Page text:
Notes: I have seen four of these kraits, and they are quite incredible to find in the wild considering how rare they are. The Bungarus flaviceps has not been studied very well, and I suspect that most of the information on Wikipedia and other information sources has been generalized from other Thailand kraits like the Blue Krait (Bungarus candidus) and Many Banded Krait (Bungarus multicinctus) because the wording seems too similar to be by chance.
These snakes have not been studied well in captivity or in the wild, except for the previously mentioned study in which the kraits lived surprisingly long. Usually the red-headed krait dies quickly in captivity. These kraits are not known to bite during daytime, but, be exceptionally careful when handling them.
The venter (belly) at the tail is red, red-orange on this snake. The rest of the venter is creme colored.
Substrate: Best? Leaves and something large to hide under – wood is best, rocks, something solid.
Ways to differentiate Bungarus flaviceps from the Malayan Blue Coral Snake (Calliophis bivirgatus):
1. B. flaviceps has a triangle cross-section, while C. bivirgatus has more of a round cross-section.
2. C. bivirgatus has a venter that is all red/orange. B. flaviceps has red under the tail only.
3. B. flaviceps reaches about 2 meters while B. bivirgatus grows to just 1.4 meters.
4. B. bivirgatus has lateral lines on both sides of the body toward the venter, that are solid light blue or white.
5. With some video study you can see how their crawling pattern differs.
6. B. flaviceps has a more sizable head, a wider head, and larger mouth than the coral snake.
7/25/13 Update. At 11:30pm in a Thailand National Park in Trang Province, a friend and I found a large 1.9 meter long Bungarus flaviceps on the trail and photographed and shot video of it. Video #1 is of this snake. The photos on this page are all of the same snake.
These Red Tailed Racers are beautiful green snakes with a grey or reddish tail. They are non-venomous but big enough to give you a strong bite. These snakes live for about 15 years on average – if they don’t encounter a predator like the King cobra.
Gonyosoma oxycephalum (Red Tailed Racer)
Discovered by Boie in 1827
Thai: (ngoo kee-ow kub maak)
Length: Max length about 2.5m (7.5+ feet) They are thick like your wrist and very strong, muscled snakes.
Range: All over Thailand.
Habitat: Red Tailed Racers prefer lowland and up to about 750m above sea level in jungle, agricultural (farmed) land, mangrove forests. They spend most of their time in trees and bushes.
Notes: These are common tree snakes that are also found in caves. They have beautiful greens, with white and black mixed in to their main body color. Their belly scales are rough and ideal for climbing trees. Their top scales are smooth. Identified easily by the dark streak across the eyes, and, if you’re close enough – the blue tongue that flickers in and out when aggravated. The tail is not always or even usually red… the ones I’ve seen are grey. They don’t always do well in captivity and can strike at anytime, though usually much more when aggravated first.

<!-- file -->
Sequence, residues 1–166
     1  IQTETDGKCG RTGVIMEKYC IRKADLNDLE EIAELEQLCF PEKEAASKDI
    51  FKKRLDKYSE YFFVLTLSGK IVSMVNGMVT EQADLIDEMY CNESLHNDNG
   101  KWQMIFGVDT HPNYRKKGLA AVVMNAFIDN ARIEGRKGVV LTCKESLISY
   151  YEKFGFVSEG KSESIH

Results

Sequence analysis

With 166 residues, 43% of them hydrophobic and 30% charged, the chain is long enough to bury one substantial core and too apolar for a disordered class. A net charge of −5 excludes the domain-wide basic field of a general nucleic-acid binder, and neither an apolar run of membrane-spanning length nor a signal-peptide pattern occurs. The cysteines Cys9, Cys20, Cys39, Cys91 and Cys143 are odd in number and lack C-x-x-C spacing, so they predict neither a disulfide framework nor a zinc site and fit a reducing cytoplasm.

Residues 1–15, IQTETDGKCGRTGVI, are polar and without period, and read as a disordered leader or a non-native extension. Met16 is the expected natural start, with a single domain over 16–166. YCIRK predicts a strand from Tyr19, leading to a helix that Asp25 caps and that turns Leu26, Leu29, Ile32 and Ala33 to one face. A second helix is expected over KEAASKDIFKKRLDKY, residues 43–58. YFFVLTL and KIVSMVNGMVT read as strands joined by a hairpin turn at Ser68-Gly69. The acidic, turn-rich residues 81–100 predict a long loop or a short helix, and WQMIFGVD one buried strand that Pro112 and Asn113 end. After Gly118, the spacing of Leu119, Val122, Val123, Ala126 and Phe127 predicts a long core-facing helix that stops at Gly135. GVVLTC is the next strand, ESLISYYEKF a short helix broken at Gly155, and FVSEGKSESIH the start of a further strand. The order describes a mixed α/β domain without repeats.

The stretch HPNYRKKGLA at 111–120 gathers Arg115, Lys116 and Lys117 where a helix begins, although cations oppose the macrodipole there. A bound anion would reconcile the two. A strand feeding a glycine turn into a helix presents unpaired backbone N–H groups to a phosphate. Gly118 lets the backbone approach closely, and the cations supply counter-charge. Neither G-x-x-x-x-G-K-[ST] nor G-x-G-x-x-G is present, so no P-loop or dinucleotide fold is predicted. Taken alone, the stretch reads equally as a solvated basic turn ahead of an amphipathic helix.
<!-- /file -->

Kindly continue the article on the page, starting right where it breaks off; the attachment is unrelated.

Active Time? Daytime.
Food: Rats, mice, birds, bats and lizards.
Natural Enemies: King cobras love to eat Red Tailed Racer snakes!
Defensive Behavior: They flare up their body vertically – not horizontally like the cobras. They puff themselves up vertically and turn this part sideways to you so they can strike fear into you. They do bite when pestered. They can strike from nearly any position, head facing away from you too. Be careful they have strong jaws.
Venom Toxicity: No venom dangerous to humans.
Offspring: Red tailed racers reach sexually maturity at 4 years. Between September and January this snake deposits small clutches of 3-8 eggs that hatch 45cm long baby red tailed racer snakes in 91 to 112 days.
Species: G. oxycephalum
Range: Chumpon to Krabi Province in Thailand. I have found them in Krabi and Surat Thani provinces.
Notes: I found this one in the picture on a small hill at a Buddhist temple on a hill next to some steps. These venomous snakes are active on the ground and in bushes. This one was in a bush about 1.3 meters high, right next to the path. It was non-aggressive and didn’t protest when I moved it away from the path with my long stick.
Habitat: The snake lives almost only on the ground where it hunts frogs and lizards. They also enjoy jungle, limestone mountains, and rubber plantations. I kept one of these for three days to photograph and shoot video of. It spends most time suspended from a branch just a few inches off the bottom of the tank.
Active Time? The snake is mainly nocturnal. Active during the day only after heavy rainfall. I have found all of mine during daylight hours.
Food: Mice, frogs, lizards. Predominantly mice. I have a good sized house gecko in the tank with this Cryptelytrops venustus, but so far she has shown no interest in it. I’ll go get some small mice here shortly. The pit vipers sense the heat of the animal and strike. The geckos are cold blooded so they are no hotter than their surroundings.
Defensive Behavior: The snake is very slow during the day and only bites if seriously aggravated. I ran into a reptile poacher in a Thailand forest and he was hand carrying one of these brown spotted green pit vipers in his left hand and had a large box turtle in his other hand. I told him – PIT! It means ‘venomous’ in Thai. He insisted “no, it wasn’t” and held it up to his face where the snake immediately bit him on the cheek a couple times and once on the lip. It let go after 1-2 seconds. He said – See?? I promptly bought the snake from him, to keep him from further harm. Not sure what hospital he was at that night!